Historic mill and cottages to be bulldozed
A historic former sawmill and handloom weavers' cottage are to be demolished to make way for a new retail unit.
Planning permission was granted last year to demolish what was latterly the Burnley Building Supplies building and prominent chimney in Hammerton Street, next to Burnley Crown Court.
Developers Hurstwood Estates had applied for permission to build a new unit of approximately 6,000 sq. ft which will be provided with adjacent car parking.
Although no operator has yet been found, the applicants believe the site would be suitable for a small food store or bulky goods showroom.
A spokesman for Hurstwood said: “We are currently working with Burnley Borough Council to discharge certain conditions which were attached when the application was passed last summer.
“We then hope to be in a position to proceed with demolition of the chimney and surrounding two buildings.
“Although no operator has been appointed yet, we are in talks with a number of national companies who have expressed an interest.
“We are aware of the certain heritage aspects associated with this site and the chimney will be demolished in a piecemeal fashion with the materials reused or recycled.”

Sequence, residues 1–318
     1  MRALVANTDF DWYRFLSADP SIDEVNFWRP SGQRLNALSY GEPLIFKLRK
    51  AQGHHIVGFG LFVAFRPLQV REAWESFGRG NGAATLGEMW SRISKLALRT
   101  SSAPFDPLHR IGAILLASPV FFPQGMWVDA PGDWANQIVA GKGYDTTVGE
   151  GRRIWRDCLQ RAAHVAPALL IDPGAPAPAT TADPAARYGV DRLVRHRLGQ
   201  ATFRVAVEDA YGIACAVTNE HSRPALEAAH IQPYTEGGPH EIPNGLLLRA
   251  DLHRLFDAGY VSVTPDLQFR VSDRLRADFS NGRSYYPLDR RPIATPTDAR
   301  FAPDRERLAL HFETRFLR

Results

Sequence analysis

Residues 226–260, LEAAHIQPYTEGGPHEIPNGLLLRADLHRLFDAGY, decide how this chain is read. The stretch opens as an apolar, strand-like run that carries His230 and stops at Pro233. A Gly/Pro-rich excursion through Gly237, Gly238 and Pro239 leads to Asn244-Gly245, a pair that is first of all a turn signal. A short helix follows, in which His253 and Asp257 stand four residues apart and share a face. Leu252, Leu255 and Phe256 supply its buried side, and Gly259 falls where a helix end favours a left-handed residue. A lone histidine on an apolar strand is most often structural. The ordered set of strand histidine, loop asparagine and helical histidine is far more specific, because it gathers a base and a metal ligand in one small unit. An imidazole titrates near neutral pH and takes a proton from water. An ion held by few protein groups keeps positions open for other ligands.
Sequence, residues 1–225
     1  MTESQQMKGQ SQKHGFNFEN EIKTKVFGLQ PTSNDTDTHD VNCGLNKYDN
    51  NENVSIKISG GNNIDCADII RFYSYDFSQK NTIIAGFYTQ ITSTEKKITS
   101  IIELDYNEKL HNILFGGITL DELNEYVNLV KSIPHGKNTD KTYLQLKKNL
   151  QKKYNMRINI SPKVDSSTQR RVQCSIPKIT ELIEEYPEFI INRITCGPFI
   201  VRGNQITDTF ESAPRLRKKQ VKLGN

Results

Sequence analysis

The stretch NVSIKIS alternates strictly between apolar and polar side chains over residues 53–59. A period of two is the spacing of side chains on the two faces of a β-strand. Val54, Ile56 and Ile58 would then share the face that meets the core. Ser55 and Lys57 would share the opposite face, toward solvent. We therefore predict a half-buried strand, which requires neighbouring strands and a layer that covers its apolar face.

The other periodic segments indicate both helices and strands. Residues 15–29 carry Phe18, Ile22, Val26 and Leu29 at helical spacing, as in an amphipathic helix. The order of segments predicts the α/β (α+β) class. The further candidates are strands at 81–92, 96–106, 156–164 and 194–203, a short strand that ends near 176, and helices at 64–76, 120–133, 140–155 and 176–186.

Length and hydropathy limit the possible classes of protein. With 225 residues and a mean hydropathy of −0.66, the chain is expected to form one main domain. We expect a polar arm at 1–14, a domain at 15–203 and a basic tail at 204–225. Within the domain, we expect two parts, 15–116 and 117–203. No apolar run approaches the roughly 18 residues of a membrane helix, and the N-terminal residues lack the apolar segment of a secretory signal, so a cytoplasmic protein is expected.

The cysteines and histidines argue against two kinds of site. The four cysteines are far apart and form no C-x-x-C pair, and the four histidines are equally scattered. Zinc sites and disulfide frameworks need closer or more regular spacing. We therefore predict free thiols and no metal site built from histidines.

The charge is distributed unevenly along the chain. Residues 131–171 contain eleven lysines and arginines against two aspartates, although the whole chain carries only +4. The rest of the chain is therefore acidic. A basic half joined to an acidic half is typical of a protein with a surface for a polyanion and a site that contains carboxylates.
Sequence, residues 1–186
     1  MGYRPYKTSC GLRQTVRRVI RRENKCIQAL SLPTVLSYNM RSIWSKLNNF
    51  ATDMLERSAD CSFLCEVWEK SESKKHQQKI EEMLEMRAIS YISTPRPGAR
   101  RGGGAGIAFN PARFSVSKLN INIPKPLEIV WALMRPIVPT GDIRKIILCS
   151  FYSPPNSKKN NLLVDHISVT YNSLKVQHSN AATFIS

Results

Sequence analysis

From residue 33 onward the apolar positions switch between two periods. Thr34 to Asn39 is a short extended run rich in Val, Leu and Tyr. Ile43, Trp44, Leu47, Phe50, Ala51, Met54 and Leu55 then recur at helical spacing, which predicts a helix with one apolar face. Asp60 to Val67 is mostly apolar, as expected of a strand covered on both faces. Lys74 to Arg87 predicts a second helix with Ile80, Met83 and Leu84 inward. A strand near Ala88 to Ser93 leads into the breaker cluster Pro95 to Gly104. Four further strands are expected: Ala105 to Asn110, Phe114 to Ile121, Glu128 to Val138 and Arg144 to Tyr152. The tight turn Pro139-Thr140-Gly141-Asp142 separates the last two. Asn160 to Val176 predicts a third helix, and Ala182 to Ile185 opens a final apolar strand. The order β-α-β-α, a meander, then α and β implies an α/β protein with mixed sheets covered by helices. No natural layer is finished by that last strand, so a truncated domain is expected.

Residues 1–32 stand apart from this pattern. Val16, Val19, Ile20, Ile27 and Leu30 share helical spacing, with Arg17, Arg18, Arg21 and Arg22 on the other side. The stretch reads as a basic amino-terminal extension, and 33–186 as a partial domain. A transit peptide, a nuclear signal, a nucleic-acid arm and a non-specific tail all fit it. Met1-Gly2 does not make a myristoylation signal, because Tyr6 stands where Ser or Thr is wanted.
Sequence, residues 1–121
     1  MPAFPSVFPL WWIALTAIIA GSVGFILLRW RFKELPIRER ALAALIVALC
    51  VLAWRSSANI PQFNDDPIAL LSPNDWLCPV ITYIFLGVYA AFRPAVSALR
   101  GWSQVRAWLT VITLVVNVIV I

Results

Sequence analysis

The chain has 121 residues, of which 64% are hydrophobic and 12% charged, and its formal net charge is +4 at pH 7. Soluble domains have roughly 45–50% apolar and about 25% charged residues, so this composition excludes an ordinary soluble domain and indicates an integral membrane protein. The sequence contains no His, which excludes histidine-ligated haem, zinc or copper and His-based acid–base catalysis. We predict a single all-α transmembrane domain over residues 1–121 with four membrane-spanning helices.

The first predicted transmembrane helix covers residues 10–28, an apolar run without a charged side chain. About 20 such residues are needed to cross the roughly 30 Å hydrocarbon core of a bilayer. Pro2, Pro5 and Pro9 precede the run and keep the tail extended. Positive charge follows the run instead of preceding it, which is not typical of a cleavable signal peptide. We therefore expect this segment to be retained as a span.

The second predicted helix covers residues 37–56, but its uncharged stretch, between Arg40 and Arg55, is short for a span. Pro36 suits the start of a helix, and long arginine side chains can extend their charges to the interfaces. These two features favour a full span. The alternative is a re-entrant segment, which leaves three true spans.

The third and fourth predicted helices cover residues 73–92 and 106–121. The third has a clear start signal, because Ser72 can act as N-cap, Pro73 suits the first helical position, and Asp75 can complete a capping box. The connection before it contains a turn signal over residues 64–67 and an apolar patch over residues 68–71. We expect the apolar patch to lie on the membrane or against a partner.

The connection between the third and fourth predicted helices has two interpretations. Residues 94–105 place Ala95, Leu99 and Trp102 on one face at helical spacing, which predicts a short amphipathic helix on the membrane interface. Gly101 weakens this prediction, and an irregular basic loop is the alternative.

The chimney, known as the Whitaker and Clegg Chimney, dates from 1859 but is now said to be in a poor condition.
The accompanying two buildings were originally a sawmill and handloom weavers’ cottage forming part of a development by James Wiseman in around 1850.
Historic England, the Victorian Society, and Burnley Civic Trust all objected to the demolition of the buildings and chimney, which fall in the Burnley Canalside Conservation Area.
A spokesman for Burnley Civic Trust had said: “We object to the demolition of the buildings on this site as they are very old, very historic and locally listed.
“We have no objection to the site itself being developed but any redevelopment should respect the historic elements, namely the weavers’ dwellings with loom shop and ‘taking-in’ door being the only remaining property of its kind in the Conservation Area.
“The sawmill with its rare square chimney also ought to be retained.”
Historic England has described the conservation area as “one of the finest surviving industrial landscapes in the country.”